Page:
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Racial politics

Liberals will regret racialising politics

A sign in Mississippi in 1961. William Lovelace/Daily/Express/Hulton Archive/Getty

The man accused of shooting dead 10 people in a black neighbourhood in Buffalo, New York, earlier this month was apparently motivated by the Great Replacement Theory, says Andrew Sullivan in The Weekly Dish. This is the conspiracy that a shadowy, Jewish global elite is deliberately encouraging mass non-white immigration to dilute the voting power of white Americans. The idea that there’s some secret plot to “dilute the ‘whiteness’ of America” is, of course, bonkers. But only because “there is nothing secret about it at all”. Liberals have been openly pining for more minorities – and thus, they think, more Democratic votes – for decades. New York Times columnist Michelle Goldberg has talked of “an embittered white conservative minority” clinging to power, “terrified at being swamped by a new mulitracial polyglot majority”. When it emerged that the number of white people in America was falling, left-wing filmmaker Michael Moore declared it the “best day ever in US history”.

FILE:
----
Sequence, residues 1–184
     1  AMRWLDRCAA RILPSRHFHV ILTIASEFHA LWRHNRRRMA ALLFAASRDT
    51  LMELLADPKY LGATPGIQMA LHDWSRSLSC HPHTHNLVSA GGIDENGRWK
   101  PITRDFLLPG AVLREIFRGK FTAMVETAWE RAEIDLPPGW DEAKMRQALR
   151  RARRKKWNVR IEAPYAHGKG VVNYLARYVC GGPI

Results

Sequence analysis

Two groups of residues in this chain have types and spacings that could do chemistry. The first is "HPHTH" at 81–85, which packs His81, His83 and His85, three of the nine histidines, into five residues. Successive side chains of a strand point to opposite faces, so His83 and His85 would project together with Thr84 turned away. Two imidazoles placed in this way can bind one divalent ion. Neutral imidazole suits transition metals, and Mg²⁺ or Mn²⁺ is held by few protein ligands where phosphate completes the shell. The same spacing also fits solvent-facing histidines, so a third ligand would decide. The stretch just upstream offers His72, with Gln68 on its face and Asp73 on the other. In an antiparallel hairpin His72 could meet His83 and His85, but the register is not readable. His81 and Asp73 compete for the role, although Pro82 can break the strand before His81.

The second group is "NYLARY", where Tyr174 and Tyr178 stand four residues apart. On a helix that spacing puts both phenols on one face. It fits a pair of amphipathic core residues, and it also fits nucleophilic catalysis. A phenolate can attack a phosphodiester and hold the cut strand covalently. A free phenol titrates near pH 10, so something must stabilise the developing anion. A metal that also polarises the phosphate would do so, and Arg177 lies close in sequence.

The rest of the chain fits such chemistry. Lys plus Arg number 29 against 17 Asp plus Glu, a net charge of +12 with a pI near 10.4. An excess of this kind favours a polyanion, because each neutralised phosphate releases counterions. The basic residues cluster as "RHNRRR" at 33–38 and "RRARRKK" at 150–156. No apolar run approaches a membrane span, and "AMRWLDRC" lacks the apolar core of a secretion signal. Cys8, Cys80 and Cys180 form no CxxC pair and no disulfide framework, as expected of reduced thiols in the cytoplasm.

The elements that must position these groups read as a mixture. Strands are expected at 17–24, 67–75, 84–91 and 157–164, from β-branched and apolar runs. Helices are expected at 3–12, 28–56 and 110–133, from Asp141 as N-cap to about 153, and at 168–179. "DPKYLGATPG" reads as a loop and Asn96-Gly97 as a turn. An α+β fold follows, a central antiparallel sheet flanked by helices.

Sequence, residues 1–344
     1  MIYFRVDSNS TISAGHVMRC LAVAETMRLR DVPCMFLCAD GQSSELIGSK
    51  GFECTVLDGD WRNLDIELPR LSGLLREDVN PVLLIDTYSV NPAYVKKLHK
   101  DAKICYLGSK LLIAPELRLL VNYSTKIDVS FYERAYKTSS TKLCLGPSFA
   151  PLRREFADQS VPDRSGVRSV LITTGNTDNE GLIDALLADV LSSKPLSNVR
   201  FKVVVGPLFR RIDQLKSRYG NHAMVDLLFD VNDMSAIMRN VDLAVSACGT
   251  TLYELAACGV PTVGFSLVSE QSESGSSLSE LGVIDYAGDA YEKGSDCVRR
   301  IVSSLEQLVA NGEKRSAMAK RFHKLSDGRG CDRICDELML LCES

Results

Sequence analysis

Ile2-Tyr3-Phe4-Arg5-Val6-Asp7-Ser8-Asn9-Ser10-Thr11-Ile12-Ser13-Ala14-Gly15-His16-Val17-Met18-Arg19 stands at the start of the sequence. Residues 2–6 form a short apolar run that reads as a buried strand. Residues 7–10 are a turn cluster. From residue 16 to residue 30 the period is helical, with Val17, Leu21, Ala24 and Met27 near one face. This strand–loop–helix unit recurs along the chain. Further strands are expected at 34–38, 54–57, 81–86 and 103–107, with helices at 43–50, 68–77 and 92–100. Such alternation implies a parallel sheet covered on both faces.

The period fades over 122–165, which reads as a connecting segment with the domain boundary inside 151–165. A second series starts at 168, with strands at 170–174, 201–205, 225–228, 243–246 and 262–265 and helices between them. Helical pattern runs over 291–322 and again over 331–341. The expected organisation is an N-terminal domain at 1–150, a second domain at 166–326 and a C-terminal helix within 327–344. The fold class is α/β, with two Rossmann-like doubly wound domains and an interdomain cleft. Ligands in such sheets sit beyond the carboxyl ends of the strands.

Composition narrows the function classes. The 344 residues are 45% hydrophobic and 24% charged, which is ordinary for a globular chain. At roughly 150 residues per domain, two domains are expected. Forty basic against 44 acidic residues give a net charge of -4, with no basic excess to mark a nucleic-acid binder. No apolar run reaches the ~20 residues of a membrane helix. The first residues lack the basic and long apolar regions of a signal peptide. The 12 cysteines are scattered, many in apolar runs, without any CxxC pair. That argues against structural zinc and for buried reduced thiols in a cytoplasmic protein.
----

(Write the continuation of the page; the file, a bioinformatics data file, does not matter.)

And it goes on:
None of these liberals seemed concerned “that the thesis could boomerang on them”. Did they not worry, as they effectively told white Americans to “hurry up and die”, that those Americans might start acting like a minority and vote cohesively as one block? That racialising politics this aggressively might actually “help create and legitimise a racially white party”? This is not to defend the Great Replacement Theory, with its “rancid anti-Semitism” and racial essentialism. But liberals have to accept some blame for the racialisation of politics. And as the writer Thomas Chatterton Williams has warned: “So long as we fetishise race, we ensure that we will never be rid of the hierarchies it imposes.”